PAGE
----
The reviews provide a valuable resource for employers to analyse what they are doing well, and where they could improve. We were able to analyse feedback from around 50% of our placements since 2017 (around 40 students) and pull out keywords which helps explain why our placement offer has been so well received.

This feedback shows us what is important to the students; being valued, encouraged, supported and having a well thought out offer leads them to feeling that they have achieved something during their time with us. It is also clear that having the right staff in place to support such a scheme is vital. 

As a key principle for placements; if we are confident that a student placement can do specific work independently, such as the butterfly transect, and there is also litter picking to be done, then it will be the paid employee who will clear the litter, whilst the student expands the experience they are looking for. Of course they need to be exposed to the realities of the roles, but this should be reasonable and balanced.

Placements state that they appreciated working alongside “knowledgeable” staff, I would add from my perspective, that patience, empathy and clear communications are also vitally important as characteristics of staff that work alongside placements.

The benefits.

As an employer, the benefits for us are clear. Two of our three most recent appointments were formerly placements. They had to apply and interview alongside candidates, however knowing them from placement meant that we had some more assurance in the evidence they were providing to support their application - because we could also attest to it. 

This doesn’t do much to get away from the perception that in conservation, employers often know who is going to get a role prior to advertising, but we have had as many roles go to candidates not previously known to us (where former placements had also applied). The best candidate on the day will always be offered the role.

We also believe the sector benefits from our scheme. Many of our placements are now working in a wide range of roles - from farm managers to consultant ecologists, and from livestock managers to geography teachers. One of our placements even finished in the top 5 Placement of the Year category, across all sectors. Enriching the workforce helps everyone.

The other beneficiary is the nature reserve. Whilst the placements are with us, the day-to-day management is carried out, but we are also awash with the views of many more pairs of eyes taking a fresh look at what we do, undergraduates and postgraduates that are learning the very latest theories and techniques during their studies. Our team is exposed to this and it adds to their informal continuing professional development.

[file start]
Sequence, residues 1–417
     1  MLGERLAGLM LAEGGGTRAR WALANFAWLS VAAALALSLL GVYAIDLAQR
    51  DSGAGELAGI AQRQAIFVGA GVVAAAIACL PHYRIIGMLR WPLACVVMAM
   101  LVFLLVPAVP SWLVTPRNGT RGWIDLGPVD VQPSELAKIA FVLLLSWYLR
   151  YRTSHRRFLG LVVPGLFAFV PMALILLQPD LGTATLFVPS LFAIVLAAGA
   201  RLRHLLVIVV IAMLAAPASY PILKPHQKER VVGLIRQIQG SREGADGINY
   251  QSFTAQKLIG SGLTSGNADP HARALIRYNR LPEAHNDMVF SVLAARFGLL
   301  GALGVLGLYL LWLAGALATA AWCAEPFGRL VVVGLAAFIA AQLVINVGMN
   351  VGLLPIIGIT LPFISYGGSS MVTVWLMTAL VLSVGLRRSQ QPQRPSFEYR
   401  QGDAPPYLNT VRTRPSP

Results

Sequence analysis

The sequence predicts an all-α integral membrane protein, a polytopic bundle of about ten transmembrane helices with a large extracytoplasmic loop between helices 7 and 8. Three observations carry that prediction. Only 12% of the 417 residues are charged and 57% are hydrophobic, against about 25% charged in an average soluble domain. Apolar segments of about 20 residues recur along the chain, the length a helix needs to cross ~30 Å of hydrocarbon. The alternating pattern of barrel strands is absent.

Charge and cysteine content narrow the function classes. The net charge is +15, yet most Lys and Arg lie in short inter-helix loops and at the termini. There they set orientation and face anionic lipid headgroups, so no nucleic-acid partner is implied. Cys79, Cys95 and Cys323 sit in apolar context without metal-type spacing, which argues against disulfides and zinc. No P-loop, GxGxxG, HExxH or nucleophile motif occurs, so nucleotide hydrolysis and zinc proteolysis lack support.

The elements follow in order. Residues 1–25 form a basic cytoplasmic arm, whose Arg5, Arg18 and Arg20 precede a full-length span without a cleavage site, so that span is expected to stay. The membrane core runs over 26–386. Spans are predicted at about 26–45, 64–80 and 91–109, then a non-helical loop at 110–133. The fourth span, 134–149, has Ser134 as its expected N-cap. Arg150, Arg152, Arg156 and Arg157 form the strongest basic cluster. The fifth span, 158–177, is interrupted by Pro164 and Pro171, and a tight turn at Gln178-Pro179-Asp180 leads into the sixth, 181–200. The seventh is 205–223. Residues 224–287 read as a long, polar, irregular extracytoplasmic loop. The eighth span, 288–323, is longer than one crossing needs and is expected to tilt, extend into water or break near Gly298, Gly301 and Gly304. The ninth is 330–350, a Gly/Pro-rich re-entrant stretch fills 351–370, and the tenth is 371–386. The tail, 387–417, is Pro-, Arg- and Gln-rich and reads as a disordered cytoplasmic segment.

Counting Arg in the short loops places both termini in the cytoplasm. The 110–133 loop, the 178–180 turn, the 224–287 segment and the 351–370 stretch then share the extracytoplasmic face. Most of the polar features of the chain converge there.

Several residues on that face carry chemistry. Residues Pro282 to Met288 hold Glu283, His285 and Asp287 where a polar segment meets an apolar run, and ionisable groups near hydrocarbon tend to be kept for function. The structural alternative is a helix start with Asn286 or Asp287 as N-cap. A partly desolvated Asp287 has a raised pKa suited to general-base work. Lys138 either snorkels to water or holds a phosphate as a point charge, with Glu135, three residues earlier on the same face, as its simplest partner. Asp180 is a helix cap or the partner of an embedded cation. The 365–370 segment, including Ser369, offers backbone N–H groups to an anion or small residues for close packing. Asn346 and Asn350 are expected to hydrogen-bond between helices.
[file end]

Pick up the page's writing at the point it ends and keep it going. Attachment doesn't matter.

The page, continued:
Student placement undertaking mark/recapture study of Damselflies, 2018. Brian Heppenstall

And of course, the benefit to the student is clear, in a recent employers survey by the Yorkshire Wildlife Trust (

self motivation, initiative and communication were often cited as being the most frequently lacking soft-skills in entry-level applicants - placement schemes like ours provide a huge opportunity to grow in these areas, and as placement hosts, we are in a position to provide references attesting to this.

The future.

The Covid pandemic, gave the team a chance to take a breath from the normal routine. It has become clear that staff have found the volume of placements we were accepting adds considerable pressure to find meaningful work for a greater number of people over a long period of time. Once normality resumes, we are going to be reducing the period of the year that we accept short placements term placements to help with this.

Covid has also presented other opportunities, we have now developed a “virtual conservation work placement”, for 40 students, taking place in December - open to applicants from anyone in the UK studying a course related to conservation. It is a week full of varied and experienced speakers, from both in and outside of the sector, looking at a range of topics from career development to conservation grazing.

It is my hope that one day, we as an industry, no longer ask for experience for entry-level job candidates. There is room for more environmental sector organisations to provide meaningful experience through placements and training on the job - virtually or in person, we have seen this with remote courses offered online during the Covid crisis. An increase in such a resource, may help to remove some of the barriers to people entering our sector, where gaining experience favours those with the resource to be able to volunteer.

And of course we can increase the skills that we employers want to see more of, it also gives us a seat at the leading edge of emerging talent. We could then be in the healthy position of competing for the best employees, rather than making them compete for our job vacancies.